How an advisor to non-profits found her calling

How an advisor to non-profits found her calling

Sign image by thanongsak via Shutterstock.com.

Amy Dickie, Haas MBA 2007, is a senior consultant at California Environmental Associates (CEA) working in the philanthropic sector. We had the opportunity to catch up with Dickie about her career path before, during and after Haas.

Deborah Fleischer and Christina Meinberg: What sparked your interest in sustainable business?

Amy Dickie: I became interested in sustainable business early on in my career. I was at the WTO protests in Seattle in 1999, shortly after I graduated from college. I stumbled upon a workshop that was a kind of sideshow to the protests that had speakers on corporate social responsibility. Having never heard that term before, I was very excited by the idea that there could be that kind of dialog between society, the environment and business, and that business could be used as a tool for positive impact.

I always wanted an impact career since the beginning. When I started off my career, I was interested in sustainable business and fell in love with the idea of integrating the engines of entrepreneurship and finance with the bigger themes of balancing people, planet, profit.

Fleischer and Meinberg: Why did you choose to go to Haas, and what were the most helpful skills you learned?

Dickie: I chose to go to Haas because I wanted to be at a top MBA program that had the reputation for focusing on responsible business leadership. I was pleased to find myself among a robust group of students pursuing an impact career. While at Haas I took four courses at the Center for Responsible Business.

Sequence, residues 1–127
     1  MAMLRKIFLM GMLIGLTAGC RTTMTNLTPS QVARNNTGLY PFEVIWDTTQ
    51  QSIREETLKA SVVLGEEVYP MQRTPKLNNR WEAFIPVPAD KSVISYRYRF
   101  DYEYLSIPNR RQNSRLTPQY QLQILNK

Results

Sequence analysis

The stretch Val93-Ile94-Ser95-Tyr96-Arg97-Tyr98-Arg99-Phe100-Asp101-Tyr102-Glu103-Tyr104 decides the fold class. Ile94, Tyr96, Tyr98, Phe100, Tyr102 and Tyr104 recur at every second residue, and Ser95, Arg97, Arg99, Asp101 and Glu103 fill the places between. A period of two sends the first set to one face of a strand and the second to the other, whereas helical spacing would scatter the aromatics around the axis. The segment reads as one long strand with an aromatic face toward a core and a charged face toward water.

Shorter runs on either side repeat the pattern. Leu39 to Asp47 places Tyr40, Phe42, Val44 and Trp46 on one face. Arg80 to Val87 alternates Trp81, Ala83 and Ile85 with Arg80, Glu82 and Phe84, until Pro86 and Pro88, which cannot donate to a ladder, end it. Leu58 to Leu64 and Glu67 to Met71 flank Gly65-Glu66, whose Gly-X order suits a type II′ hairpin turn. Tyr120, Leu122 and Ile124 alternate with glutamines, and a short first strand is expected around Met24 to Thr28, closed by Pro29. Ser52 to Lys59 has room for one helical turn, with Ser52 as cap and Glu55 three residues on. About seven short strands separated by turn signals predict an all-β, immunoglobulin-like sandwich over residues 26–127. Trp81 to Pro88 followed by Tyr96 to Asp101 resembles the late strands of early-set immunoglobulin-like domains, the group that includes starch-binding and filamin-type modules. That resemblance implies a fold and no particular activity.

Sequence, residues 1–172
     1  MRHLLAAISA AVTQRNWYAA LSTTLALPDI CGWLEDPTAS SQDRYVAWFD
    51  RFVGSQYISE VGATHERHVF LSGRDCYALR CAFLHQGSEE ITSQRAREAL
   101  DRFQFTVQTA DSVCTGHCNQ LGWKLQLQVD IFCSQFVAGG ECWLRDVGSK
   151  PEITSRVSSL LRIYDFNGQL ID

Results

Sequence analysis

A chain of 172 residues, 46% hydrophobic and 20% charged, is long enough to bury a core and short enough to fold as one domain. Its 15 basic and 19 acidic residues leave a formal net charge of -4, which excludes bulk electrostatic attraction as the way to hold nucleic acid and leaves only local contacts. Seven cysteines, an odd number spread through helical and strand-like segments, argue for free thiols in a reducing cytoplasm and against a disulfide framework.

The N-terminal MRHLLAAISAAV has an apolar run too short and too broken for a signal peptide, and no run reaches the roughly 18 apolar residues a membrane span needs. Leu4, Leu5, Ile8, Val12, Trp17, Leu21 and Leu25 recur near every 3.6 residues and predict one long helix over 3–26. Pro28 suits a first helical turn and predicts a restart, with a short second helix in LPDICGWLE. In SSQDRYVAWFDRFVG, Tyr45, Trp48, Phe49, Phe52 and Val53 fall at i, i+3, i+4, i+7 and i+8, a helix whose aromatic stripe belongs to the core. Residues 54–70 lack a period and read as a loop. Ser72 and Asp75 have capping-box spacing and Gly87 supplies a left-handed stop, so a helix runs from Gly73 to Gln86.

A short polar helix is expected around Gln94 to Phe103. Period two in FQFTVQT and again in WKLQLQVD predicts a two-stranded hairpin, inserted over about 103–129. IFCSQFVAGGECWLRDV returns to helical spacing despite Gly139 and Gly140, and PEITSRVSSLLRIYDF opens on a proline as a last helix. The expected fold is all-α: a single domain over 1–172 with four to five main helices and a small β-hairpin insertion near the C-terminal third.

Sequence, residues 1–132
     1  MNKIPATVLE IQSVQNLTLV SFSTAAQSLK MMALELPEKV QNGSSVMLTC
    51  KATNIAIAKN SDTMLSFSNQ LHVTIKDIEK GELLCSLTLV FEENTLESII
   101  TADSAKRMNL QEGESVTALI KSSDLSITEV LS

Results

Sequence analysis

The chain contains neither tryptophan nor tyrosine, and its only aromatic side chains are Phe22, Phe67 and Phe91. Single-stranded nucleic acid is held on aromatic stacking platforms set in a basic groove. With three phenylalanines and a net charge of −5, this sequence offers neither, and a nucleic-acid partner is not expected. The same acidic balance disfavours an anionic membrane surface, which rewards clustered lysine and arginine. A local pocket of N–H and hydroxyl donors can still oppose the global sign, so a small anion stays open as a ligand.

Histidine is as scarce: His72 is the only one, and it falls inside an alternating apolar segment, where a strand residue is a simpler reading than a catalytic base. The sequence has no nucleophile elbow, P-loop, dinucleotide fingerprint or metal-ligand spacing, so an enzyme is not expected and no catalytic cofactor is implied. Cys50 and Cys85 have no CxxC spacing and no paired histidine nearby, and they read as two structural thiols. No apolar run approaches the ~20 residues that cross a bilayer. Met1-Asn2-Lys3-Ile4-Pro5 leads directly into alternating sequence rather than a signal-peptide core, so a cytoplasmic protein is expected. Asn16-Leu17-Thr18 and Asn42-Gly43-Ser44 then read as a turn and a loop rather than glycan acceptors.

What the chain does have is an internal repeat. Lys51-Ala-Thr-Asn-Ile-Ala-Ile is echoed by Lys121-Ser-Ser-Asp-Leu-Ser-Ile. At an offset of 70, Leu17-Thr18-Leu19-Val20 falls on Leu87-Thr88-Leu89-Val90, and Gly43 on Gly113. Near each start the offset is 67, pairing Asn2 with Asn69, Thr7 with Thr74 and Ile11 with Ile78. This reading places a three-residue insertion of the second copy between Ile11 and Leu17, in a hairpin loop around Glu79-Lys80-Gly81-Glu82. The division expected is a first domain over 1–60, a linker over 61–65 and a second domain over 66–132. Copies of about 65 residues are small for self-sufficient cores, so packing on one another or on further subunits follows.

My time at Haas helped me to be able to understand the fundamentals of any business quickly, and to be able to ask material questions faster. When I say "business," I mean it in a broad sense. Every organization -- non-profits and foundations included -- has products and customers, and needs to know how to execute well.

One other skill I got from Haas is the ability to integrate different types of information: analytics, market data, policy perspectives, environmental trends and social issues. I also gained confidence at Haas, which has helped me feel comfortable jumping into situations that are totally new (regulatory rule making) and figure out quickly how to be effective.

Fleischer and Meinberg: How did you end up consulting in the philanthropic sector?

Dickie: Before coming to Haas, I worked for a small non-profit called Investors' Circle that helped create a marketplace for for-profit social ventures to find like-minded angel investors. I fell in love with dozens of great companies in that network: Zipcar, Guayaki, Organic Bouquet, Big Belly Solar, Niman Ranch. I came to Haas hoping to continue in this field, with either a company or an impact investment fund.

After Haas, landing a position in sustainability consulting was serendipity. I was not looking for consulting work, but knew I wanted to be in the environmental field or social finance sector. I ended up at CEA via the Sea Change Fund, a small private equity fund focused on growing a market for sustainable seafood. Sea Change was housed at CEA and grew out of consulting work that CEA had done for the Packard Foundation and was seeded by a program related investment from Packard.